Spain went in to this sporting their unorthodox 4-6-0 formation fielding a team without a recognized centre-forward. The ‘eyebrow raising’ formation had been introduced by Spain in this tournament and had been working to their success until now. The Italians on the other hand only made one change to their team that beat Germany 2-1 in the quarter-final which saw the rather unfortunate Balzaretti, who had a world beating performance lose his place to Abate.
In the opening frames of the game both teams were working extremely hard to obtain command. Inevitably it was the Spanish, who once got their typical passing game going were always going to be hard to hinder. However, to Italy’s credit they were no push-overs and did not allow themselves to become besieged by Spain. They got frequent, although brief spells of possession and they looked to gain an advantage by pushing full-back Chielini high up the by-line and to get some deliveries in to Balotelli who displayed his areal potential against the Germans.
Graham Hunter wrote a book about them recently – Barça: The Making of The Greatest Team In The World. The Greatest Team In The World. Imagine that. Well that very team may well have been knocked out of the race for the La Liga title and the Champions League, all in the space of four days. All that’s left of their memory now is to wonder; how the hell did that happen?
At one point not long ago, Real Madrid boasted an unbelievable ten point lead over Barcelona in the league table. Pep Guardiola described his chances of winning yet another title as “impossible”. Once Real came up against Málaga, who have found their feet in recent months, and a resurgent Villarreal who’ve been disappointing all season, in quick succession, all of a sudden four points were dropped. A couple of 5-1 wins later, and best-of-the-rest Valencia came to town.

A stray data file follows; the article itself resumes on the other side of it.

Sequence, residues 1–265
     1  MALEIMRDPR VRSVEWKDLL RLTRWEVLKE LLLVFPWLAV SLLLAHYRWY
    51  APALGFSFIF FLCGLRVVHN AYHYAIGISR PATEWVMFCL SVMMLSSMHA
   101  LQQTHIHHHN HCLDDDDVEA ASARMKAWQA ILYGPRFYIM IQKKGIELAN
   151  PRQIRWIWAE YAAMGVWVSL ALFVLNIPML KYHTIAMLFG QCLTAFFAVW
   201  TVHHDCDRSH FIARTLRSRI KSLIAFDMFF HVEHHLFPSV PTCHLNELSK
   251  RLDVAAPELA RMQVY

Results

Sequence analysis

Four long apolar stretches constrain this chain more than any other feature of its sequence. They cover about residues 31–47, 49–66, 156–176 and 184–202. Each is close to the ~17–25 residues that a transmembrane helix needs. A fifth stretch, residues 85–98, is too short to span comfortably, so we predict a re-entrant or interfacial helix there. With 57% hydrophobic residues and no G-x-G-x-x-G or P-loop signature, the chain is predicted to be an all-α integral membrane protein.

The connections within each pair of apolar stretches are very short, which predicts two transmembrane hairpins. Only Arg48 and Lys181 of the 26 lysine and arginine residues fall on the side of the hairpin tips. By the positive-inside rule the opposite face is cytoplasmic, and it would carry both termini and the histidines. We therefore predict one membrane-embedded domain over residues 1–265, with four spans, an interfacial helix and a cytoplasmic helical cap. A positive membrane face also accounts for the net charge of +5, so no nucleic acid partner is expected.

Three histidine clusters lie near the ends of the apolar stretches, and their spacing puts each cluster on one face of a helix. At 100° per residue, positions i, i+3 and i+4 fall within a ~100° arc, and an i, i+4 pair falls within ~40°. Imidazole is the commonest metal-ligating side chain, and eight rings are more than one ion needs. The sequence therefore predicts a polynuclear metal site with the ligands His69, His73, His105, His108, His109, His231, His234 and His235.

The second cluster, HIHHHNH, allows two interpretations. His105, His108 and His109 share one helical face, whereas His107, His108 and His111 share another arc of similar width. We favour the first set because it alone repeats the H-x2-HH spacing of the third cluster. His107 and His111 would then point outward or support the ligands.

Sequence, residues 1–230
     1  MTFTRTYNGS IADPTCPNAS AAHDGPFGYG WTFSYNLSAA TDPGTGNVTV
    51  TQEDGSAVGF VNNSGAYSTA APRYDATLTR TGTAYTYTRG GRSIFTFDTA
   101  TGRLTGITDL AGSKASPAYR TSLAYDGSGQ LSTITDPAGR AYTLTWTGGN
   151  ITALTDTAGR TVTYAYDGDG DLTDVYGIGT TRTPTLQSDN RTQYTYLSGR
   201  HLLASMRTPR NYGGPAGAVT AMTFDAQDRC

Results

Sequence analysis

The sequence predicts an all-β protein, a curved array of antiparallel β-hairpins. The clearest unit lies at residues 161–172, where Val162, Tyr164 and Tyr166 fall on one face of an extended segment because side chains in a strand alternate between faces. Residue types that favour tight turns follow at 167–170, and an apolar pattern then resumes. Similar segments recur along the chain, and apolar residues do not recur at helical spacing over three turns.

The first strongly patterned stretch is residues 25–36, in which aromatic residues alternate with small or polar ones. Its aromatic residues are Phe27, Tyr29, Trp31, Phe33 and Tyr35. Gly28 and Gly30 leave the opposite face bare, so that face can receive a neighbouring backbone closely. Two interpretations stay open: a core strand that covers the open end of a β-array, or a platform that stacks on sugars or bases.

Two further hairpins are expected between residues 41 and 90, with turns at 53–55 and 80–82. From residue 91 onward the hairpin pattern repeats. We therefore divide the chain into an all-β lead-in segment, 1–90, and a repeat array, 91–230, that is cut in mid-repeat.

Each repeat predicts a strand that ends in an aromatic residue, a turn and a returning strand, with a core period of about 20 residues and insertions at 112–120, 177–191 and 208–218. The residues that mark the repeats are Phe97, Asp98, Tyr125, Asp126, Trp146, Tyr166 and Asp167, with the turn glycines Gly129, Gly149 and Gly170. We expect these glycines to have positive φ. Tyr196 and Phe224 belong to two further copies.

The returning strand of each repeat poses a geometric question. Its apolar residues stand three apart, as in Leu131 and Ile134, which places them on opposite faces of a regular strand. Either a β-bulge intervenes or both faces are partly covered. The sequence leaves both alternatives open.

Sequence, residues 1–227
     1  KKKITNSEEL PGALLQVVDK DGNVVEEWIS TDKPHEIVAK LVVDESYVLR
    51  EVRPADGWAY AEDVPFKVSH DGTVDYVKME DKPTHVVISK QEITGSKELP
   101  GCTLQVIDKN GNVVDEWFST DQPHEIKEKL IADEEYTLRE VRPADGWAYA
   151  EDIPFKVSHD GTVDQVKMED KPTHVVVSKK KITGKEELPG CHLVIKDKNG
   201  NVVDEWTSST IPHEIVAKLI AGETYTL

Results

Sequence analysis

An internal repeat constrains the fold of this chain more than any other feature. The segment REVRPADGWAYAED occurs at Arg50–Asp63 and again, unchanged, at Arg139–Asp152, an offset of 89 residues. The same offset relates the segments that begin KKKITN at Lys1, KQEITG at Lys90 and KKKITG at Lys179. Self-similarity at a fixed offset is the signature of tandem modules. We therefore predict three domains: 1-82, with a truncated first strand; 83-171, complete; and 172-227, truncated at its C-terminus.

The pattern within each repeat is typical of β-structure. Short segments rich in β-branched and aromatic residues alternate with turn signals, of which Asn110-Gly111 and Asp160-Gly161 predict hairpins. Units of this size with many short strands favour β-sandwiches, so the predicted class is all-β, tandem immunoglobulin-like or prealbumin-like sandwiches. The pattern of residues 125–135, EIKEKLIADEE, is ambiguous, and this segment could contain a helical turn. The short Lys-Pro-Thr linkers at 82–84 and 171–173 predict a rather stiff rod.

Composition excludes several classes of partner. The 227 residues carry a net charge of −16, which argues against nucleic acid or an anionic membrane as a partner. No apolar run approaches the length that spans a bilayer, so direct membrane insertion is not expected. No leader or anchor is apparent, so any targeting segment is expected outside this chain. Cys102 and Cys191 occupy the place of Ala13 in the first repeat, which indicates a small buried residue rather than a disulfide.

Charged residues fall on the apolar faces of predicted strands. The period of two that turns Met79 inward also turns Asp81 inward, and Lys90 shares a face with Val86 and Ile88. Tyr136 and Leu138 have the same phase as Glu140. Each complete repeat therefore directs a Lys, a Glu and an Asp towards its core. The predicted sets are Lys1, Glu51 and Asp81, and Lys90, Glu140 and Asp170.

In recent history, Real Madrid have had no problem getting past the challenges of Valencia. This season however, in probably the most exciting 0-0 draw of the season, Valencia left the capital with a point. A further two points dropped, with the gap down to four, while José Mourinho and Madrid were still to visit Nou Camp. Add to that the fact that Madrid hadn’t beaten Barça in the league since 2008, and in a grand total of 14 games (in 90 minutes; not counting the 2011 Copa Del Rey Final AET.) Pep’s thoughts then? “Not as impossible.”
Is it really that time of year again? The time of year where Arsenal Football Club’s season collapses in front of the despairing eyes of their fans? In years gone you would have been seen as mad as a hatter had you even contemplated that an Arsenal team managed by Arsene Wenger would surrender on all fronts but nowadays it is an all too regular occurrence for Arsenal fans. The elimination from 3 of the 4 trophies they were challenging for in 2 weeks has their fans worrying that their long wait for a trophy may just be gathering more pace, when it seemed it was only a matter of time before it was ended.